by Tom Moore
Once that being a builder gets in your blood I don’t believe you can ever get it out, so I don’t see retirement as an option in my future. The reasoning here isn’t really about money, it’s about loving what I do, meeting the people I meet and working with the folks that I work with. I can see slowing down at some point in the future, taking more time off and taking more trips, but the idea of never having to get up to go to work again sounds like more of a death sentence to me than a way to live.
There are few thing as exciting as firing up a project, after what is sometimes more than a year of designing, planning, estimating and so forth, the feel and smell of the dirt, getting dirty, preparing everything for building is just a rush. Then the concrete, everyone loves to play in the mud and at the end of it all you have…well…something concrete. Then the project moves into framing and it seems like the noise never stops, saws, hammers, nail guns and cowboy music, this is when things should really roll ‘n’ roll, you see the walls go up and the roof go on and excitement in the owner’s faces as they get a real feel for the space that they will possibly spend the rest of their lives.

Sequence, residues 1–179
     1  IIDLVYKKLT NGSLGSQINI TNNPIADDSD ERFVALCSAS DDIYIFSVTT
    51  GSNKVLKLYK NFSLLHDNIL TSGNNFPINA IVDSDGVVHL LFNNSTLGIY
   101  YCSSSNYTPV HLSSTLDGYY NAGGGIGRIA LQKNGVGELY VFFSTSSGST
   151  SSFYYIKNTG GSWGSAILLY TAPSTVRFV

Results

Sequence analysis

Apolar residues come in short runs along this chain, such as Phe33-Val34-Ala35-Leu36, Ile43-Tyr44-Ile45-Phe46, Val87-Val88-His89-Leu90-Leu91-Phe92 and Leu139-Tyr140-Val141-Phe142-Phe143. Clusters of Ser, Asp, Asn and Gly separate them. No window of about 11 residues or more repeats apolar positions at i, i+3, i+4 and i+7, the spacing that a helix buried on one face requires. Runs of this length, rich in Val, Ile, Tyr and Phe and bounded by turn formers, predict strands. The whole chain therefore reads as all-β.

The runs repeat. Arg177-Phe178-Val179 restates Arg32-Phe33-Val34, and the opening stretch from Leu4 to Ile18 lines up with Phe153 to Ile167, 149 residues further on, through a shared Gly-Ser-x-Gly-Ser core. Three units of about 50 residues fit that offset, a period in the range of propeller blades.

While I get to be out in my fantasy world, co-workers, namely Margie, are in the trenches making sure that decisions are made so I can have the parts and pieces I need when I need them – kind of like Christmas.
We move into the mechanical and finishes and the homeowners are really starting to get excited at the prospect of moving in in about a month (Them, “What do you think? Will it be done in about a month?” Me, “No.”). Once the walls are all finished, counter tops, cabinets and landscaping done, and when appliances are installed, there is a true sense of joy, accomplishment and a feeling between you and the clients that if you could go through this together, you could go through anything together. I don’t think I could live without this in my life.
Thank goodness that American ingenuity hasn’t figured out how to outsource custom home building to another country yet.
I hope they don’t in my lifetime.
by Paul Rose
The Central Coast Green Building Council has begun its Annual Membership and sponsorship drive. This organization has been adding a green perspective to the building industry since 2007 and continues to partner with other local organizations to provide educational programs and resources. The Annual Gala will highlight our Participation in the national Green Schools program. Please consider becoming a member or even better yet, a sponsor, and come to the Gala!
The event will be held Friday, November 4, 2016 at The Monterey Club in San Luis Obispo. Admission is just $25 for CCGBC Members/$30 for Non-Members. For more information and to buy tickets, see the event website.
Semmes and Co Builders is proud to support CCGBC with annual sponsorship and volunteer hours. Paul is currently serving on the Board of Directors.